'The reduction in the long waiting hours in the banking halls and better training of customer interfacing staff to give them a better understanding of the bank products and services as well as improve the soft issues in interpersonal relationship, would be a good step in the right direction. While rewards may be recommended for customers who are loyal over a long period of time, it is equally important to ensure that customers are aware of these incentives otherwise the essence would be lost', the report added.

In its recent first-ever global survey of customer behavior in retail banking, Ernst & Young conducted the research to highlight the risks and opportunities facing the retail-banking sector today, and analyze what is relevant to a successful banking relationship, so that banks can achieve and maintain customer satisfaction in the new climate.

According to Ernst & Young, retail banks are globally entering a new era, thus, setting out a clear strategy is becoming more difficult as regulatory and political intervention changes the market structure, and banks are under enormous pressure to restore public confidence in the role that they play in society.

'As banks respond to these structural pressures across markets and strive to obtain a competitive advantage, the challenge remains to keep the customer experience and wider brand perceptions central to all strategic thinking. For banks to compete, differentiate and grow in this new customer era, they must swiftly accelerate their innovation around banking products and service offerings. Those that do so will enrich their brands and protect and increase market share at a time when customer loyalty is no longer guaranteed', the report stated.

'Rebuilding trust is a challenge for individual banks and for the industry as a whole, in particular across mature markets. Negative customer perceptions of the disruption banks have caused to the wider economy, through the under-capitalized and over-leveraged practices that led to the credit crisis continue to prevail. In recent years, we have seen that being profitable is not enough. The role that banks play in supporting the wider economy has been highlighted, and a wide variety of stakeholders are now demanding a more responsible banking industry if there is to be a restoration of customer confidence', the report added.

Regardless of the impact of customer trust levels across the globe, the importance of a bank's reputation and image is evident in all markets. Globally, brand strength was cited as the main reason for choosing a bank by 39 per cent of those surveyed.

In this era of new expectations, the report stated that 48 per cent of customers around the world planning to change banks because of general levels of service, and 43 per cent because of price. Other factors include product offerings, the proximity of branches and a lack of trust in the existing bank relationship. Almost a quarter of respondents (22 per cent) who have moved their main bank attribute their decision to a loss of trust.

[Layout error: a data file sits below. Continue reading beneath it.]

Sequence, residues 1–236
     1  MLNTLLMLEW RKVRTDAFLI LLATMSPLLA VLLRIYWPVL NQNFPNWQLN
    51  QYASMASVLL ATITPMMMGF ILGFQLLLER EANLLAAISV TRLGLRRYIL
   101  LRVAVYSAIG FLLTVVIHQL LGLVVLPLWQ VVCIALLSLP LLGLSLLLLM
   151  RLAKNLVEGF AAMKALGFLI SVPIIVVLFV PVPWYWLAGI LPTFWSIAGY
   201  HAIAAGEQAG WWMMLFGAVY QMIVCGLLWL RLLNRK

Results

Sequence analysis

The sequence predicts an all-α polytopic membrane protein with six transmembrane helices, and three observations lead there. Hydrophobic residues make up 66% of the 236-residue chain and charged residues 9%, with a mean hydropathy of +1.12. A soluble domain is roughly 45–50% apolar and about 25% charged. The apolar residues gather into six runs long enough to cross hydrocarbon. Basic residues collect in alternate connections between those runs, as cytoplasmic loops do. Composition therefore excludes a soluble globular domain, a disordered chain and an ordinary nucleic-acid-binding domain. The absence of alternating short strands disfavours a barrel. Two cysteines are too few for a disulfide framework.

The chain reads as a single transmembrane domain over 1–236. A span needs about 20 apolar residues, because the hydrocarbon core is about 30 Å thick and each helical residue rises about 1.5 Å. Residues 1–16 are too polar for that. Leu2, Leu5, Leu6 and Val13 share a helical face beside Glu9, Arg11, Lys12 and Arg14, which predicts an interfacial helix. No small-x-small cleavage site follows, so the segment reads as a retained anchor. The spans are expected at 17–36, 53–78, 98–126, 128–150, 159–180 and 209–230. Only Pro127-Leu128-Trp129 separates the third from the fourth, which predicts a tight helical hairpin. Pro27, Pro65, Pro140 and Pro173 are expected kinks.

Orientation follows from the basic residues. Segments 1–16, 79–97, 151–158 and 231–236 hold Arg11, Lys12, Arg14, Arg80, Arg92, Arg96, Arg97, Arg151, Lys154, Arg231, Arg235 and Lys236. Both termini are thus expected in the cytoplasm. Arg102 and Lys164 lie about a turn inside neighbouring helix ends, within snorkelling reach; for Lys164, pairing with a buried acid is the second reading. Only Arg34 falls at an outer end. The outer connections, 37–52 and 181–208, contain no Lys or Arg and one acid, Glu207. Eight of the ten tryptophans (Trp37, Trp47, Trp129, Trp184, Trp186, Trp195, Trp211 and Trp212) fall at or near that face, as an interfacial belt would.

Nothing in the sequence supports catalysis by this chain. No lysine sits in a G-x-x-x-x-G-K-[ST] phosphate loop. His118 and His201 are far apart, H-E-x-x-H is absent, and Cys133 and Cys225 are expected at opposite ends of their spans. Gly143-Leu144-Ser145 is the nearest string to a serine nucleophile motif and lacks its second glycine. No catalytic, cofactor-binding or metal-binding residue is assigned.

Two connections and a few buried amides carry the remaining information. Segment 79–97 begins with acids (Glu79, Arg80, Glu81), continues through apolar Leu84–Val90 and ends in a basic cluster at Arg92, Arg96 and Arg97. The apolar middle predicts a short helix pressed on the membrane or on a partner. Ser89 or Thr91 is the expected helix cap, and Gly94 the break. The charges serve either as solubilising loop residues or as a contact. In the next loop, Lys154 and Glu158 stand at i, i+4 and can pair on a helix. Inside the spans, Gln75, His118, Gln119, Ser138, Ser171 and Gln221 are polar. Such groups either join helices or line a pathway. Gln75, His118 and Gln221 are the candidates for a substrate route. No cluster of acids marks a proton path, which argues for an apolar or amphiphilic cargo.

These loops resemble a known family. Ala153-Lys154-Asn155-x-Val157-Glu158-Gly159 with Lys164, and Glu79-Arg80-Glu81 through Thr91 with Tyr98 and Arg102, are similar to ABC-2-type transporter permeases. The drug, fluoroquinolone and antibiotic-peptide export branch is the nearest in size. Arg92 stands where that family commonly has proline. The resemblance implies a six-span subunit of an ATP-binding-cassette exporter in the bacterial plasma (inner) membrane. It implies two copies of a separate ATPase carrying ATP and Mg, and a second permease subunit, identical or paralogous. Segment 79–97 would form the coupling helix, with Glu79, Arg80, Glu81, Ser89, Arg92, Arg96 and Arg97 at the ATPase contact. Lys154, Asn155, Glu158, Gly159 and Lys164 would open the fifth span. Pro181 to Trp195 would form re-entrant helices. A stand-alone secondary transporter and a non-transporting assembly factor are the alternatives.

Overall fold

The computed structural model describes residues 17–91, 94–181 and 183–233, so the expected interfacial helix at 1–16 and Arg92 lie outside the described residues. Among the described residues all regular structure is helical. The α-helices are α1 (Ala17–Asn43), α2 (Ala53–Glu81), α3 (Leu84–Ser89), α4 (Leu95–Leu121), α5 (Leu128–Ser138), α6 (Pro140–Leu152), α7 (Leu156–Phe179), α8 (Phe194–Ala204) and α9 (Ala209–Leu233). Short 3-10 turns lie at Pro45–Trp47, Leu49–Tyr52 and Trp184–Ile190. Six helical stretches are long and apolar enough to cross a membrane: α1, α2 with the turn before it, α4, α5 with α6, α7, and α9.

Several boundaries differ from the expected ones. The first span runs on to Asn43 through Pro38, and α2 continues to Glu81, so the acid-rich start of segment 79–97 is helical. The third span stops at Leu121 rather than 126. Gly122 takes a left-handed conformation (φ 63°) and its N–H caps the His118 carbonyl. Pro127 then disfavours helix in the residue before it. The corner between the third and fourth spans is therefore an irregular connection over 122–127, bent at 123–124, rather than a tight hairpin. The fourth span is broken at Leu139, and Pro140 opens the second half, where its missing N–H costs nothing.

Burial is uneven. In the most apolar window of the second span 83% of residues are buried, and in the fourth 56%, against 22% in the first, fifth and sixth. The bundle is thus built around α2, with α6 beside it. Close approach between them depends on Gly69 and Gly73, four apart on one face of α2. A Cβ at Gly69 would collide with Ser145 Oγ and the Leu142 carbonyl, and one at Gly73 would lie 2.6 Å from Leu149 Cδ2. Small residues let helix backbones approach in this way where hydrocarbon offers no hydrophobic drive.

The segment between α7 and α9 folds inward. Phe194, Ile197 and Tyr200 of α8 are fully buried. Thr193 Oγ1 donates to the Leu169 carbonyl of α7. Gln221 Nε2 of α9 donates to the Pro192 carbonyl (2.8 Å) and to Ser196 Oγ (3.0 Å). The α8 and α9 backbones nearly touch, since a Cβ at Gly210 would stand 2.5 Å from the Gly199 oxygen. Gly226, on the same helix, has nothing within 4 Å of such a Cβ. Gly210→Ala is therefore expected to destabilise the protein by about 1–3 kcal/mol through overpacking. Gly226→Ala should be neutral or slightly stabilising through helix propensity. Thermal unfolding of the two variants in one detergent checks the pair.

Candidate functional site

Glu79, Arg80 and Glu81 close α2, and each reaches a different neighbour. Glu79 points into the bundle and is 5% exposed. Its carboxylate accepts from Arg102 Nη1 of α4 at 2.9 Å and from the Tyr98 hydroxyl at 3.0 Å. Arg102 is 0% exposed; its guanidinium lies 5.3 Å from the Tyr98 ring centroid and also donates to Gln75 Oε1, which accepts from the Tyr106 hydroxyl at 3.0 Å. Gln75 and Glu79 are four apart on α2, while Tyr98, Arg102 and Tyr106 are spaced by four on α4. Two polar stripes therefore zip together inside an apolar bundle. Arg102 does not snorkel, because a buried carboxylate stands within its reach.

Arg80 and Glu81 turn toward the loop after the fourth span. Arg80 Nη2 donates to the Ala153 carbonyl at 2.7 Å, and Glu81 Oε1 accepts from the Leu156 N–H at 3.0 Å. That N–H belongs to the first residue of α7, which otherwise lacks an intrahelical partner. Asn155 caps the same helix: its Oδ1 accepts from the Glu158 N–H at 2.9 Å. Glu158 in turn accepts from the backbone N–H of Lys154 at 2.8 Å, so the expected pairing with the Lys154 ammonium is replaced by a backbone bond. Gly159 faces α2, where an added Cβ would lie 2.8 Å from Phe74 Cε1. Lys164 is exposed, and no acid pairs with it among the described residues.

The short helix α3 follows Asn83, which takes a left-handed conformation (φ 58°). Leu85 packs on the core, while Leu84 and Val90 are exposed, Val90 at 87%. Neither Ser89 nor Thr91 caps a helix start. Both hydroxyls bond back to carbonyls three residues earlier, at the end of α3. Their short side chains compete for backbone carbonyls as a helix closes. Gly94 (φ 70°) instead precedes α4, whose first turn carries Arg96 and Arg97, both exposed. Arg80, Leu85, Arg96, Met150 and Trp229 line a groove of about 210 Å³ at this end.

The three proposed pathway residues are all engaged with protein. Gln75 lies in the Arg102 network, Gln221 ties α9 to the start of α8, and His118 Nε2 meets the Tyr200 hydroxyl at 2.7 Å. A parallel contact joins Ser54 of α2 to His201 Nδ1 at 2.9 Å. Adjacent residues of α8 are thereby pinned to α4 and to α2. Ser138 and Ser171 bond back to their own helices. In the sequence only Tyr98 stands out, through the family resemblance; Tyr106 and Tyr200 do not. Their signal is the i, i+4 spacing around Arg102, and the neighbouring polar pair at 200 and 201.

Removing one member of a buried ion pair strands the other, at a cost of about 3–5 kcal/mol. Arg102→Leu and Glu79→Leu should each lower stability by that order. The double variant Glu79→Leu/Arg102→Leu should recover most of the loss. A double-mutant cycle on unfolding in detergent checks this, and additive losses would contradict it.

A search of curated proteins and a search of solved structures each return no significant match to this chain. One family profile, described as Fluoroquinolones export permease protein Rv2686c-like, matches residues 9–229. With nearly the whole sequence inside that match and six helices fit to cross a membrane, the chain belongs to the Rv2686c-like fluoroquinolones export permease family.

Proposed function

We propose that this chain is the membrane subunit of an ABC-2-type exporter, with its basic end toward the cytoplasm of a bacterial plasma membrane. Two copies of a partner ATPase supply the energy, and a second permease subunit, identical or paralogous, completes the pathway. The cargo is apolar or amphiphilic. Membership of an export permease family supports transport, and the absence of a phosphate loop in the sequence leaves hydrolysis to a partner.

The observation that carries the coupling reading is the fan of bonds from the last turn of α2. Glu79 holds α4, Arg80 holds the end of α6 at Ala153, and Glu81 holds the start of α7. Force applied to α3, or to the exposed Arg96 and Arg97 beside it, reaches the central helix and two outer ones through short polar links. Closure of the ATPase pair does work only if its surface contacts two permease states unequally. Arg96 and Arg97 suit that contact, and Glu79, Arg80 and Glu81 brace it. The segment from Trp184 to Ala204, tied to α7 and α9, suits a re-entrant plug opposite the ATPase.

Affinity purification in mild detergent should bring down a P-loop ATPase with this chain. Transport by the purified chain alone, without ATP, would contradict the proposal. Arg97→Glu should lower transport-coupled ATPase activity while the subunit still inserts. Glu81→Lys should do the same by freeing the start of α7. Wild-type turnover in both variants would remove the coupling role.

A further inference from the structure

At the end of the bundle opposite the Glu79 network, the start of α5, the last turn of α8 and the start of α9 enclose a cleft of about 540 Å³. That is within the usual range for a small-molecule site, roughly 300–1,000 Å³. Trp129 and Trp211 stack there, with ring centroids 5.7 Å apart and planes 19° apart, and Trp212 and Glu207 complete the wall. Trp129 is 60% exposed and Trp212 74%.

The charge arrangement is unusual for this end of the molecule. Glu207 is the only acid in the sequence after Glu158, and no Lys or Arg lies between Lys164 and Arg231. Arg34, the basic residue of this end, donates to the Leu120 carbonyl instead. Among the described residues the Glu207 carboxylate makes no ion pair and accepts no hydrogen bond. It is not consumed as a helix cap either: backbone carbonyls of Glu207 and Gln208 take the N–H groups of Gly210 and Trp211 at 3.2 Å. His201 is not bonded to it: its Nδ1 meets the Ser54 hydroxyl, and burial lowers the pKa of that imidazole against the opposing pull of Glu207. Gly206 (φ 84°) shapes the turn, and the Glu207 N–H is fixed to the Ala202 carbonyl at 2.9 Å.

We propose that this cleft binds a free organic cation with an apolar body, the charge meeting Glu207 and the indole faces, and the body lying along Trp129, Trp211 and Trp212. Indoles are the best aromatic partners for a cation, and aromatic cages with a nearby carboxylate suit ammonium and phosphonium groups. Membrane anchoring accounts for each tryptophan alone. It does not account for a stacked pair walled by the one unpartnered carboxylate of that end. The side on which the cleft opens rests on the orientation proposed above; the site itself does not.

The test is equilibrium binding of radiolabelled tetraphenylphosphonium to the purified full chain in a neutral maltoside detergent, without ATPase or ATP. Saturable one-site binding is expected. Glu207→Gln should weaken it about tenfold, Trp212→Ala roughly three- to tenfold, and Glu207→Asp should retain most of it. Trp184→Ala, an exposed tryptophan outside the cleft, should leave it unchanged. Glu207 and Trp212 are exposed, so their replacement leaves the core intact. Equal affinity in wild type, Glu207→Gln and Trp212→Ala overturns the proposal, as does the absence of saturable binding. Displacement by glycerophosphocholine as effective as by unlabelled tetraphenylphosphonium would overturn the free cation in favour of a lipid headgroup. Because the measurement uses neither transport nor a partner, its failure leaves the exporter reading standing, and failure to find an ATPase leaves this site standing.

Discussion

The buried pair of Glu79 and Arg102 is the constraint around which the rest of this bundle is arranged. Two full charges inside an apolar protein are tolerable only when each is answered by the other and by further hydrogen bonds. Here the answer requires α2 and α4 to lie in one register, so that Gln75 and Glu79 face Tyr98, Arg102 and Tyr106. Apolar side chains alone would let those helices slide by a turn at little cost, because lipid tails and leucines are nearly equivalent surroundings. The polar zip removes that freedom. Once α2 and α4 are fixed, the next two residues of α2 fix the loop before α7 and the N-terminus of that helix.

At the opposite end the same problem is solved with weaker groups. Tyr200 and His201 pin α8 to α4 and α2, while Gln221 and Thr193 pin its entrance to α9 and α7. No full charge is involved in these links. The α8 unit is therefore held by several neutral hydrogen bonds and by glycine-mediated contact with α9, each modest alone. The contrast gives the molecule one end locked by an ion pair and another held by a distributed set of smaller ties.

Despite service quality being a key attrition lever, efforts by banks to improve the quality of service they deliver have not yet resulted in improved customer perceptions. Most customers continue to feel that they are not getting the level of personalized service they would like.

Experts at Ernst & Young further noted that in the course of the survey, customers are expecting the technologies behind the convenience and reliability of digital channels to deliver the same quality and personalization they have come to expect across other channels. Practical innovations across channels that leverage technology to deliver a more seamless and personalized experience will therefore be a major competitive battleground in all retail banking markets. This means building on existing Internet applications to drive enhanced call center and branch fulfillment, which will in turn enable a fresh look at segmented customer communications. This will allow the deployment of new customer treatment strategies - using mobile, email and social media - to drive appropriate cross sales and retention outcomes.

Similarly, a recent survey of customer communication trends in the United States retail banking industry shows that there is a shift in how customers seek and respond to information. Banks are beginning to adjust their priorities to meet consumer demand and focus on consumer engagement through new and better solutions that are more adept at reaching mobile customers, providing self-service options and better aligning communications to customer behavior and preferences to generate higher response rates.

'The results of our study show that banks see value in proactive customer engagement and understand that communicating effectively with customers improves the bottom line. It's clear that banks need to evolve to a cross-channel interaction approach to optimally reach their increasingly digital consumers,' said Moore.

'While many banks are pioneering with social media, there is clearly an opportunity to accelerate the retirement of direct mail and shift that operating expense to increase automated voice, text, and smartphone interactions to deliver better results, a better experience, and reduce overall costs, the U.S survey stated.